Improve palliative care before giving the ‘right to die’

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Pontiac Perspective  Peter J. Gauthier


Pontiac Perspective  Peter J. Gauthier

Our health care system is usually considered to consist of three types of care: acute care, chronic care, and palliative care. Acute care relates to the provision of short-term medical care for serious disease or trauma, chronic care is used to define long-term medical care (usually more than ninety days) for individuals with chronic physical or mental impairment and palliative care aims to improve the quality of life of patients and their families facing life-threatening illness.
There are pressures on all aspects of the Canadian health system, but palliative care could be considered the type of care most in need of improvement; a recent comparison of
palliative care services highlighted that Canada is well behind other countries such as Great Britain, Australia, New Zealand and Denmark in this area, which is especially disturbing as the recognition of the special services needed for palliative care was
pioneered in Canada. Prior to the 1970s, the idea of
palliative care was nonexistent. Starting in 1973,
Dr. Balfour Mount of McGill University conducted a series of studies to determine the needs of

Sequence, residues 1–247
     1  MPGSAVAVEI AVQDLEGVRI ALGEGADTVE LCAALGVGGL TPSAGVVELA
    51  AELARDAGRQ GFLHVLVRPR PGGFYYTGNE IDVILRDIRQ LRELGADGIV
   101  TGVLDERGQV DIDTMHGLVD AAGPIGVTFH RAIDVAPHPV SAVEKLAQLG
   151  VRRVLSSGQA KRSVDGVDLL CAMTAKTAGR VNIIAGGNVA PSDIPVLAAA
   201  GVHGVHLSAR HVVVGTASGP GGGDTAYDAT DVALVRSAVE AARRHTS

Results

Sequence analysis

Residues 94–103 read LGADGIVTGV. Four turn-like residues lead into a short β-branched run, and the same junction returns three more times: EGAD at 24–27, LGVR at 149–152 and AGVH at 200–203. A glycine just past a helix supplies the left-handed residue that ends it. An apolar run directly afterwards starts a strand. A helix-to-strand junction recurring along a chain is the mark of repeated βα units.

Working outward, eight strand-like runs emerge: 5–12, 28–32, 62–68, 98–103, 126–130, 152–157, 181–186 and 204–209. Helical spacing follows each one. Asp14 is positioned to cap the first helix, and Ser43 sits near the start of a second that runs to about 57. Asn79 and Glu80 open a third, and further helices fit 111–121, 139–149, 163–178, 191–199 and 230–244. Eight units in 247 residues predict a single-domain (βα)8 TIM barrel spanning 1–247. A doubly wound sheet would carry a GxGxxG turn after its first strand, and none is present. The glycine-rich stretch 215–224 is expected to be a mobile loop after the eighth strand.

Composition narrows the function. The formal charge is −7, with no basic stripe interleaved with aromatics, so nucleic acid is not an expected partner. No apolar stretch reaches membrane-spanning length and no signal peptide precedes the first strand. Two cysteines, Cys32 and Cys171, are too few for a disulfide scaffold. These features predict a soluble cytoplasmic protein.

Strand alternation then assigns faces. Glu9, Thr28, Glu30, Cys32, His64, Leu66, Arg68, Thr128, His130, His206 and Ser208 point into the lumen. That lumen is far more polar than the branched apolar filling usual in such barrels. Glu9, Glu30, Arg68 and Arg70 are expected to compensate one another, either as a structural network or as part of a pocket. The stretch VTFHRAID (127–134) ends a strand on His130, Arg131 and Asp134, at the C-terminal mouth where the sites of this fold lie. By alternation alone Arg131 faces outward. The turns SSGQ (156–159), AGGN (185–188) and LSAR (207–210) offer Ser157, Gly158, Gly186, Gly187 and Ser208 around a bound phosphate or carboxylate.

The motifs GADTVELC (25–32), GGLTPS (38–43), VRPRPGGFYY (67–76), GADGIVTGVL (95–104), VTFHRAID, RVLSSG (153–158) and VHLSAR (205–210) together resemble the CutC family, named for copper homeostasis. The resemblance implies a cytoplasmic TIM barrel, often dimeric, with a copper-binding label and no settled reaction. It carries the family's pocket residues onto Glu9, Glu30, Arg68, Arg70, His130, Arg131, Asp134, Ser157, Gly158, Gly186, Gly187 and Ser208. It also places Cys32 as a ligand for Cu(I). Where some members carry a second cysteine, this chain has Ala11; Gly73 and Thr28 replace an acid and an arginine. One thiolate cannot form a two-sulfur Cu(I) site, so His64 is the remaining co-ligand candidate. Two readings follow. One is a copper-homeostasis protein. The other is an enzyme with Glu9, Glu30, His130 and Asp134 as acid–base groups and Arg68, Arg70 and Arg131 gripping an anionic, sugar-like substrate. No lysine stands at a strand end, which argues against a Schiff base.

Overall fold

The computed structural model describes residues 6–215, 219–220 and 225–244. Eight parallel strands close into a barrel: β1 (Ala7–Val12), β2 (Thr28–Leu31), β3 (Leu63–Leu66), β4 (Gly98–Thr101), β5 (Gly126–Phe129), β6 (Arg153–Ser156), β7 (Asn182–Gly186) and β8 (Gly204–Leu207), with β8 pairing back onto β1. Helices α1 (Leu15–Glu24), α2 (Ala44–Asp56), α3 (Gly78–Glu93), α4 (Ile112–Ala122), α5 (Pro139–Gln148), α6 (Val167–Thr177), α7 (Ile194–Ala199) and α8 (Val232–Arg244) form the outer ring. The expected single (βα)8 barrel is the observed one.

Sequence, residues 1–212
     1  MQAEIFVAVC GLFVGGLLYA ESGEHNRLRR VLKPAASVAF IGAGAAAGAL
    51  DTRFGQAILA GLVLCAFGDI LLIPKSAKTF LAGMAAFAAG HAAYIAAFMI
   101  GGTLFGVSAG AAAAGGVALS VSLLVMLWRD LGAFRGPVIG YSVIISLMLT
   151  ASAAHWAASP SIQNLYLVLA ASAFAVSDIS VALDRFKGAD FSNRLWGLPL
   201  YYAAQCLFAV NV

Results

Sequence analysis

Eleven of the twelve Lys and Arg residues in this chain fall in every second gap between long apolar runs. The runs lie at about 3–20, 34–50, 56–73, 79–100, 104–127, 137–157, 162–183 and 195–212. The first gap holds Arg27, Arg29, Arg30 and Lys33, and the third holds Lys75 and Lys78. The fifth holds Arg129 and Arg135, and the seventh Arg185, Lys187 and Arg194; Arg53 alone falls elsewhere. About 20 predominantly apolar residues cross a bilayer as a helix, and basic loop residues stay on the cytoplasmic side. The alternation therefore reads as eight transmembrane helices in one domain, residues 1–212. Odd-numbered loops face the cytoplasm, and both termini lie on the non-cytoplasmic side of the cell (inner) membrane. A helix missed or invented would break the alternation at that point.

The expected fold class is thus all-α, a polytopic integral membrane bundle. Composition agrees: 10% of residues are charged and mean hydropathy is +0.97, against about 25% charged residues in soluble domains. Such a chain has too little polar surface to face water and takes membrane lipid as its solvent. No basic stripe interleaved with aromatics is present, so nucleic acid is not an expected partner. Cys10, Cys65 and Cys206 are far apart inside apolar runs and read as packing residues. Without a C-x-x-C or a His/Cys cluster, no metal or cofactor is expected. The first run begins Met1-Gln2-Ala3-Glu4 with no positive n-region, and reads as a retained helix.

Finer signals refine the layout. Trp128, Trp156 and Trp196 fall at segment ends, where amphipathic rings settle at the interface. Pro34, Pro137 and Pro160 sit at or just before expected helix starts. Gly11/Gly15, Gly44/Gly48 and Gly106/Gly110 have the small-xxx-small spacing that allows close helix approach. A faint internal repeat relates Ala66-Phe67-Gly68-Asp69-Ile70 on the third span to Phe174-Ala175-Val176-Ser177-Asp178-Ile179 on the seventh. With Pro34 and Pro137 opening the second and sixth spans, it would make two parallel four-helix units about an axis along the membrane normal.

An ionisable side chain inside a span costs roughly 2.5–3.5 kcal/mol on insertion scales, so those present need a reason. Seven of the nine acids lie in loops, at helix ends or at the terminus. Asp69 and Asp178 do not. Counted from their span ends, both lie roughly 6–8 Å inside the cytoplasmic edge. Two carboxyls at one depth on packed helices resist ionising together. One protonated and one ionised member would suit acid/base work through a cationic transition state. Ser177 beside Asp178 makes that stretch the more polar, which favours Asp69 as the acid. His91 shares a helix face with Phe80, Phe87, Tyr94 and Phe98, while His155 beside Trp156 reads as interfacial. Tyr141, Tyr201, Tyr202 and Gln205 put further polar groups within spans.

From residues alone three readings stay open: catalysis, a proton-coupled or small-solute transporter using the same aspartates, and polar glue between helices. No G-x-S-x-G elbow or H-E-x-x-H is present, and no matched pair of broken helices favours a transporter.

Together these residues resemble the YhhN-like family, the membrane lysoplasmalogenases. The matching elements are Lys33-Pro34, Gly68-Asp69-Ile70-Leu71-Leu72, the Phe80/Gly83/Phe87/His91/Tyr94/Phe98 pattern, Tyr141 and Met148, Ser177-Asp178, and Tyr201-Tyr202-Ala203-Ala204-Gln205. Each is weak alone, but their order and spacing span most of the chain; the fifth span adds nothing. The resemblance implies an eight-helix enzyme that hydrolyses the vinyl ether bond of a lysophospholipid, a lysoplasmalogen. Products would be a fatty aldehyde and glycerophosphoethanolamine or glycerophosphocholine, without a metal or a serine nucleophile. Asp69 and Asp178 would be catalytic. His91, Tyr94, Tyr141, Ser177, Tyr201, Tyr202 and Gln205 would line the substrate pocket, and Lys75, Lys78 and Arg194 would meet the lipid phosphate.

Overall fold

the terminally ill. His goal was to enhance patient quality of life with special attention on the psychosocial, spiritual and existential challenges of advance illness – the “Whole
Person Care” approach. Dr. Mount’s work is the basis of international standards for palliative care.
Unfortunately, governmental cuts to medical care have resulted in a failure to build on this pioneering work in Canada. Now we have legalized doctor-assisted suicide in Quebec and an order from our Supreme Court for the federal government to enact some similar legislation. Without improvements in our palliative care systems, many patients may despair of a meaningful life and elect for this suicide option.
Any enactment and enforcement of “right-to-die” legislation must include provisions for proper and meaningful
palliative care. Proper care should affirm the meaning and significance of human life. There must be a regime that provides relief from pain and offers a support system that helps patients live as actively as possible until death. Supports to help family and loved ones coping with the stresses of caring for the patient are also needed and a full
array of therapies that can
prolong life and minimize pain must be provided.
The American general, Douglas MacArthur, once said that old soldiers do not die, they just fade away. Our present system of
palliative care treats patients with little more than the hope that they will fade away. This is not acceptable in a society
that should cherish each individual, especially those
facing end-of-life situations. Improvements to
palliative care must come before any implementation of right-to-die legislation.